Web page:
Urinary retention is the inability to completely empty the bladder and comes in the form of acute (short-term) and chronic (long-term). Symptoms of urinary retention can be highly uncomfortable, which is why many individuals seek treatment. To begin your order for urinary retention online, click below to start your free consultation.
Urinary retention is when you are unable to empty your bladder completely. This condition can be acute or chronic. The bladder, which is made of muscle, stores the urine and expands as it fills up.
Urinary retention occurs when there is a disruption to the urinary (renal) system. Our kidneys produce urine constantly, which passes down tubes (ureters) to the bladder. The amount of urine created depends on how much we eat, drink and sweat.
Urine is released from the body by the urethra, which is usually kept closed and is supported by the pelvic floor muscles that are below the bladder.
Complex nerve messages tell these parts of the body how to react when the bladder is full. You pass urine by contracting the bladder muscles while simultaneously relaxing the urethra and pelvic floor muscles.
If you experience urinary retention, part of that process is interrupted which results in the inability to urinate.
Urinary retention becomes much more common with age. For men between 40 and 83, there are up to 6.8 incidences in every 1,000 men. For men in their 70s, it rises to 100 incidences per 1,000 and for men in their 80s it grows to 300 incidences per 1,000 men.
The condition is much less common in women, although it's not a rare condition for them to experience. There has been little research into urinary retention in women due to it primarily being related to the male prostate.
Many people experience urinary retention following surgery. However, this is considered normal and does not usually cause long-term problems. Normal bladder function should resume after the anaesthetic wears off.
There are several causes of urinary retention. Some are unique to men, but others can affect both sexes.
Obstruction of the urethra is the most common cause of urinary retention. This means there's something blocking the normal flow of urine. Conditions such as these can cause an obstruction:
Nerve problems can also cause urinary retention as nerves control the bladder, sphincters and the entire renal system.
If something blocks or interferes with the nerve signals between the brain, bladder and sphincters, the brain may not get the signal the bladder is full and therefore not instruct the urethra to relax and the bladder to contract.
Some medications can also affect nerve function, particularly for the bladder and prostate. Medications include but are not limited to certain antihistamines, anticholinergics and antispasmodics that treat stomach cramps, muscle spasms and urinary incontinence, as well as tricyclic antidepressants.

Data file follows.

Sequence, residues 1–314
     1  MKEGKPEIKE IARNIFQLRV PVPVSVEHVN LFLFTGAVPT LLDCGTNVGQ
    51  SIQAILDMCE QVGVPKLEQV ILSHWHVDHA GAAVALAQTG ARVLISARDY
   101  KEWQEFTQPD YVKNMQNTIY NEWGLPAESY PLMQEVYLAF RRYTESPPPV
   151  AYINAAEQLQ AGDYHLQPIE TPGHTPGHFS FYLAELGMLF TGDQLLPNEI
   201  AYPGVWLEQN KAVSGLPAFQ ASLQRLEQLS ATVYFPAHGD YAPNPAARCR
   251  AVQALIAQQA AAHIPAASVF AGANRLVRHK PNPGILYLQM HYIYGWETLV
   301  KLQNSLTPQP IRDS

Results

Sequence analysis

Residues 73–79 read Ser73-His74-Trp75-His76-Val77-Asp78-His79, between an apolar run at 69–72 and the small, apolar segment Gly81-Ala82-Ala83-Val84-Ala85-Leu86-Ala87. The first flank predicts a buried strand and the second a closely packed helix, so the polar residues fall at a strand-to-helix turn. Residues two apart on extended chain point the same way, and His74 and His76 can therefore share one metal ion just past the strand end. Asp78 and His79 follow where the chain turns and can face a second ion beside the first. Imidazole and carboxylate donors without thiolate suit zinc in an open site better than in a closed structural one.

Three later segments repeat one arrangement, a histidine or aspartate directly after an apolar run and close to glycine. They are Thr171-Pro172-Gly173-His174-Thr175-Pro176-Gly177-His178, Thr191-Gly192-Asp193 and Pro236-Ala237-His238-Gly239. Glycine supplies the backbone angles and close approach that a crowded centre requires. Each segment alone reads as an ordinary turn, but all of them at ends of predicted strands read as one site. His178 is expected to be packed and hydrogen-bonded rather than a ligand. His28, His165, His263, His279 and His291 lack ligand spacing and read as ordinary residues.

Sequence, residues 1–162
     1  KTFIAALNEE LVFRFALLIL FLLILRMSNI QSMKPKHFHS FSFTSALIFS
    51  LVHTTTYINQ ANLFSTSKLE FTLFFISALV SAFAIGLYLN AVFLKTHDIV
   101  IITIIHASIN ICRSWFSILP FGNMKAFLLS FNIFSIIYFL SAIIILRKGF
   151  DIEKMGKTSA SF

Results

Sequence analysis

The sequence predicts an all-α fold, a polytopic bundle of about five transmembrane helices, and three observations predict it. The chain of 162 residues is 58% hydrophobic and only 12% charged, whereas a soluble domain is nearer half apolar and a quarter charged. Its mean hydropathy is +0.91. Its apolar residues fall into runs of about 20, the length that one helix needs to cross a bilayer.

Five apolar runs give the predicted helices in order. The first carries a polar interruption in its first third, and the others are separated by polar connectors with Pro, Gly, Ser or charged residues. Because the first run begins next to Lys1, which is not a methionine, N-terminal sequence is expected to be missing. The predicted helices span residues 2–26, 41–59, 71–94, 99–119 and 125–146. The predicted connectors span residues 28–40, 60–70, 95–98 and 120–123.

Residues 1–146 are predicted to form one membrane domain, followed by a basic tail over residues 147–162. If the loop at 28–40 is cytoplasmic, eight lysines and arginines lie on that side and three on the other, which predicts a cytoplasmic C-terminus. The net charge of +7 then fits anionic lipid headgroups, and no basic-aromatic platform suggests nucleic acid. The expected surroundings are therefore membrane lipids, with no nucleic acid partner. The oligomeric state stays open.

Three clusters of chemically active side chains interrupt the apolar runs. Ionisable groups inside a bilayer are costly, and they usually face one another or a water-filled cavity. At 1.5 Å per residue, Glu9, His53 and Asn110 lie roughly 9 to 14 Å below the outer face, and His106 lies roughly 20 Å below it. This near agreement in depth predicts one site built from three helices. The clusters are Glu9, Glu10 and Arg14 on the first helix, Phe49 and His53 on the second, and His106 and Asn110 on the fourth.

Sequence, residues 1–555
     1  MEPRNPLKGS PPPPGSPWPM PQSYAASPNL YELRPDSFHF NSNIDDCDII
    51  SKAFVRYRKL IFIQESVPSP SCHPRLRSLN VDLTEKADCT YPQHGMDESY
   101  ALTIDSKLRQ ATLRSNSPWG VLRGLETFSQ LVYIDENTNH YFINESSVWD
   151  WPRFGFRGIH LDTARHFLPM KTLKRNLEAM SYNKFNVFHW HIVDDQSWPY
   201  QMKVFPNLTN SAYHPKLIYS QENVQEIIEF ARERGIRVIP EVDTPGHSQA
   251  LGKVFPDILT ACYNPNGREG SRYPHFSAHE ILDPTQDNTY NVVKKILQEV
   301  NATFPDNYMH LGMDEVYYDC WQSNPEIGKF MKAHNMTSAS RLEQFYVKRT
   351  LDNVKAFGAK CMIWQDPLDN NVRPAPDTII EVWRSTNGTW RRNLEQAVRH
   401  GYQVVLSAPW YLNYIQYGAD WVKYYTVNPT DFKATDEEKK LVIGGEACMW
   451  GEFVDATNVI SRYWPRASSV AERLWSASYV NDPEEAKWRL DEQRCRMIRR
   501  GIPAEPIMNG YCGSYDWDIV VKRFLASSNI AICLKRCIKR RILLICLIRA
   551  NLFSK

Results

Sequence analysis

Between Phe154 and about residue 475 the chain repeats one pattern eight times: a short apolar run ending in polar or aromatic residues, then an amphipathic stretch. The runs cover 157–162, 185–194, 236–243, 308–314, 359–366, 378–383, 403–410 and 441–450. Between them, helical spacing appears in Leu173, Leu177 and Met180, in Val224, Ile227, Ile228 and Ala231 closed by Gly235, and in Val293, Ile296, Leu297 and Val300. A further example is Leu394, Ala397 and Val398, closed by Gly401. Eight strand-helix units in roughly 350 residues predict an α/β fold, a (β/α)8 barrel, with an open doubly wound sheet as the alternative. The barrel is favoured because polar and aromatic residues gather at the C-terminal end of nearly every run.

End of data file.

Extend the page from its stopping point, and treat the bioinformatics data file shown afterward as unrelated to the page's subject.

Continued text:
Weakened bladder muscles may not contract strongly or for long enough to empty the bladder, so are another cause of urinary retention. This weakening sometimes occurs with ageing, so is why the condition is prevalent among older generations.
If you experience any symptoms of acute urinary retention, you should seek medical attention immediately.
They include: the inability to urinate despite the painful and urgent need to pass urine; severe discomfort and pain in the lower abdomen; and, bloating in the same area.
Chronic urinary retention usually presents as a much more frequent need to urinate. You may even feel the need to urinate after just finishing urinating.
You may also experience problems beginning a urine stream despite the urgent need to urinate. Mild and constant discomfort in the lower abdomen and urinary tract is another symptom of chronic urinary retention.
It's best to try to prevent urinary retention by treating its potential causes. Those with BPH should try medications to reduce the size of the prostate gland. They should also avoid medications known to cause urinary retention including over-the-counter cold and allergy medications that include decongestants.
Women concerned about urinary retention could try pelvic floor strengthening exercises, while dietary and lifestyle changes could prevent constipation that causes urinary retention.
Chronic urinary retention in men can be treated with over-the-counter medication if an enlarged prostate gland is the cause.
Oral capsules available over the counter will relax the muscles surrounding the urethra. In turn this relieves pressure and allows urine to flow out of the body more freely.
It is important to not crush, chew or open these capsules. Typically, you will only need to take one capsule per day.
This medication is fast-acting and often sees results just hours after consumption. It works well if taken after food as this slows the absorption into the intestine.
Acute urinary retention should be treated immediately by a healthcare professional. They will diagnose your condition through a physical exam and perhaps by a test known as a postvoid residual measurement.
They may also try to determine the cause through a cystoscopy, CT scan, urodynamic tests and electromyography.
They are then likely to treat you with one of these options:
The outcome of treatment depends on the underlying cause of your urinary retention and whether it has damaged your kidneys.
Sometimes it resolves without any long-term problems. For others, it can be cured after the underlying cause is treated. However, occasionally it cannot be cured, and a long-term catheter is needed to relieve the symptoms.
There are several complications that may occur due to urinary retention. You should be aware of these as they may need to be treated separately:
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